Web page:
Thursday, 19 July 2012

Police, crime and public honesty - a statistical lesson


It is pretty clear that rates of crime don’t correspond to any of things we’re always calling for – more coppers (on the beat of course), tougher sentencing, bigger prisons, capital punishment or flogging in the public square.

Recorded crime...fell by 4%, continuing the long downward trend in crime since 1995, and dropping below 4m offences for the first time in 23 years.

The Office for National Statistics (ONS) said violent crime had fallen by 7%, including a 2% fall in robberies.

We’d also been told – mostly by chief constables protecting their empires – that reductions in police spending during a recession would result in a surge of crime:

Acting Chief Constable Chris Weigh of the Lancashire force said the loss of front line officers had resulted in an “inevitable” increase in the number of offences being committed.

Seems this top copper was wrong! The real problem is that – because we’ve focused on police, punishment, prisons and probation – we don’t really understand why crime has fallen so rapidly over the past 20 years. Or indeed whether it will continue to fall. What we will be able to say is that the overall funding of policing and economic recession does not lead to more crime.

So what are those factors? Well it seems that simple economics is a factor – stealing stuff is harder and selling it on is more difficult (as well as less lucrative). So professional thieves have shifted to other crimes:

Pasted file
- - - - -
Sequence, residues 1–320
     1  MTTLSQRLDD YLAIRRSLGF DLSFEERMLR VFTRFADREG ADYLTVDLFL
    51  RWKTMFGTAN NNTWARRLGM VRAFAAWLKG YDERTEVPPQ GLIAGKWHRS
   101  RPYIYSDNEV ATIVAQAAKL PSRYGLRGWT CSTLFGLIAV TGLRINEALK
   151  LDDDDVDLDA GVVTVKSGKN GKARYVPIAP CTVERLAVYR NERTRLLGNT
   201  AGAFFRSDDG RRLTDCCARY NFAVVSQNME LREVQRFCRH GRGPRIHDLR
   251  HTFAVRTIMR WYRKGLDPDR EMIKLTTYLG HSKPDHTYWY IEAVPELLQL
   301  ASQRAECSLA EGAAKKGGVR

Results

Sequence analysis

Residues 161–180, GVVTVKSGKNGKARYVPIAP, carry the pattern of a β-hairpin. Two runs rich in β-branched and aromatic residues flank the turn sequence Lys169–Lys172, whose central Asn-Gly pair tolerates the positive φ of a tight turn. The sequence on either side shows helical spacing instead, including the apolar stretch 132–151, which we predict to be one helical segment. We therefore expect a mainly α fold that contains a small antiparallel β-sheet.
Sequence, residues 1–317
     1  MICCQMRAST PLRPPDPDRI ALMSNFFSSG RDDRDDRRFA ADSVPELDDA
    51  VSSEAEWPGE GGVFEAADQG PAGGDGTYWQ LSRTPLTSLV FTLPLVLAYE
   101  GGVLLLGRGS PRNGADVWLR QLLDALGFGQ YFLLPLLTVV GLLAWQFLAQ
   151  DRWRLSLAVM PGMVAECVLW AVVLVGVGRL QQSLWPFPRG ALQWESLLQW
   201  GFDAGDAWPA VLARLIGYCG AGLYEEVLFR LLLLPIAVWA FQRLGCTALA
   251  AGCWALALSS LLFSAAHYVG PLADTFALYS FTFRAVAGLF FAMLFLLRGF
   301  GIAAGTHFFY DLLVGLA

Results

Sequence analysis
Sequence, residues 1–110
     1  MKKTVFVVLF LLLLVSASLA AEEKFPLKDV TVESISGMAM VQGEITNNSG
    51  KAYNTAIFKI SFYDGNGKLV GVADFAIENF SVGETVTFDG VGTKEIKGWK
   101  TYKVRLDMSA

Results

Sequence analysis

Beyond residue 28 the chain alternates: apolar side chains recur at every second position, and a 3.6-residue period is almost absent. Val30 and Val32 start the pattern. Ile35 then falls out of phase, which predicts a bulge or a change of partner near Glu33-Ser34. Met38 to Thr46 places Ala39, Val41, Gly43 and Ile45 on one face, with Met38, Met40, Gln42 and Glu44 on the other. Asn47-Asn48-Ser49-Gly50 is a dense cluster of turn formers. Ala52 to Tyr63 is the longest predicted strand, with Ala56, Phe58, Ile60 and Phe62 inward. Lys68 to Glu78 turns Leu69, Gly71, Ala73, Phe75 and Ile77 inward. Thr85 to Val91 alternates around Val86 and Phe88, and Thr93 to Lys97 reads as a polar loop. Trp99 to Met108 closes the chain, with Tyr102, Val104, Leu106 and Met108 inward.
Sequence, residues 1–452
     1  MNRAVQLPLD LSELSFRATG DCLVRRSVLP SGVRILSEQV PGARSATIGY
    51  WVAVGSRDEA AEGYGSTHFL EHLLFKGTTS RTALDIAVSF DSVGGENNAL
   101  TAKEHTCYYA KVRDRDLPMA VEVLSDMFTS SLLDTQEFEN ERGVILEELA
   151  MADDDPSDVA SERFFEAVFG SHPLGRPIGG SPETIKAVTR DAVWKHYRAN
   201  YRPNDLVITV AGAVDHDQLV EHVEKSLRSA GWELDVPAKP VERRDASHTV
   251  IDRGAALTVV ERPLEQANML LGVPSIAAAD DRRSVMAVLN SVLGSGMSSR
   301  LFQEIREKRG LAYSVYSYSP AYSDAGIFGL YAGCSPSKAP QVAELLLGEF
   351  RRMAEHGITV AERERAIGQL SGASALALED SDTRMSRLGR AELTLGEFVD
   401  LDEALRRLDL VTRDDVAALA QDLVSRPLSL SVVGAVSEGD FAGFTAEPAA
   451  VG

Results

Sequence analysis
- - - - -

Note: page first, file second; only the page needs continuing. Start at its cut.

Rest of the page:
...with significant rises recorded in the last two years in metal thefts triggered by soaring commodity prices

While the opportunist has taken to nicking bikes and lawnmowers from sheds.

However, the truth may be that we’re really a lot more honest than the authorities give us credit:

Mobile phones deliberately left in pubs and clubs by Sussex Police to catch thieves were all returned.
Officers planted phones fitted with tracking devices in nine clubs and pubs in Hastings and St Leonards as part of Operation Mobli on Saturday night.
However the phones were handed in at the bar or security staff and not one was stolen.


1 comment:

Anonymous said...

If someone scams your credit or debit card, try reporting it to Plod.

Plod will say, "Talk to your bank".
Your bank refunds the money, you go away happy. The bank takes the hit as part of its business model.

Yet a clear crime of fraud/theft has happened, one of many tens of thousands a year, but none are recorded as crimes. And you wonder there's an apparent reduction in 'reported' crime ?

No reduction in crime, just in 'reported' crime.

It is also reported that murders are at the lowest level for 30 years. But that's only because huge numbers are now classified as manslaughter, unlawful killing or any other definition. Try getting them to admit to the total number of 'homicides', the catch-all term for one person killed by another, surprisingly that's not gone down at all. Fun what you can do with definitions, innit ?